I'm getting back into quadcopters. One thing that has caught my attention is making super small, long range drones that I can power with a single 18650. I have a largish number of nearly new recycled cells, NCR18650BLs that the datasheet only specs for 7A discharge continuous, but nothing on the pulsed load (I believe a 1S nano quad should pull 5-6A normally with bursts up to 20A [fudged based on memory, real anecdata to come]). The datasheet also specs 35mΩ of internal resistance at 1KHz, which implies that at least for testing, the batteries can supply
\( V=I*R \)
\( I=V/R = 3.6V/35m\Omega = 102A \)
\( dutyCycle = 0.5, frequency = 1000Hz \)
\( period = 1/frequency = 1ms \)
\( onTime = period * dutyCycle = 500ms \)
102 amps for at least 500ms! (At least once!) The primary thing I'm concerned with is danger, with a secondary concern for longevity. I'd like to get at least 10 cycles out of each battery (at a minimum!) I have a Siglent programmable active load that can do 30A continuous. I want this to be automated, so I have a DPS3005-USB that I can use to charge the battery.
I'd like to monitor temperature on the battery as well for a standin for health and spicy danger levels, I'd like to keep the temps below about 60C, but might increase my danger tolerance there closer to 100C, as time goes on.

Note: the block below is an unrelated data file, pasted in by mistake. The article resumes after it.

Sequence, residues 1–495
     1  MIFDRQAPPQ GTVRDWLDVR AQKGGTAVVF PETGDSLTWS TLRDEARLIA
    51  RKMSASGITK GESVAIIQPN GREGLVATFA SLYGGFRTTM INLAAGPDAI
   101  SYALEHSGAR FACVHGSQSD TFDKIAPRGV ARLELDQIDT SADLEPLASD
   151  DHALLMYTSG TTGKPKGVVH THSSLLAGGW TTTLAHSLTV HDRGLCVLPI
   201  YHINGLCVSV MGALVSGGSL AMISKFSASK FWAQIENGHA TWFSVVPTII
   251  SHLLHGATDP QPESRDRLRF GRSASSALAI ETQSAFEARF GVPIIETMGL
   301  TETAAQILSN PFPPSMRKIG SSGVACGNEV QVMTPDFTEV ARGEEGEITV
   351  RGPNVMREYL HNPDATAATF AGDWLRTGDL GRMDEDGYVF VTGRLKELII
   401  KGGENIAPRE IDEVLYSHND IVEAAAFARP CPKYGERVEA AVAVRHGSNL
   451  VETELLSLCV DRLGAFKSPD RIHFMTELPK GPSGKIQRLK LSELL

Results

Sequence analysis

I want to log all this data for analysis and good thing for me, most of my measurement tools have python APIs or ways to get data into python. I'm pretty lazy, and this is a weekend project, so it needs to be fast, so python is perfect.
- Capacity testing
A. Both charge and discharge energy
B. Done at beginning and end of high stress tests
- Standard flight profiles
A. 5A, with 1 second bursts between 10A and 20A every 3 seconds
B. Periodic pauses to see battery sag, recovery, and to determine test end (V<3.6V or similar)
- Measure degredation of capacity and internal resistance as battery is pushed to lower and lower end voltages, emulating waiting longer to return the drone to home
The hardest part currently is that I don't have a way to measure thermocouples into the computer. I have a PSOC development kit, which should work for this. I believe the analog circuitry in the PSOC5 should be able to amplify a thermocouple enough that it can be read.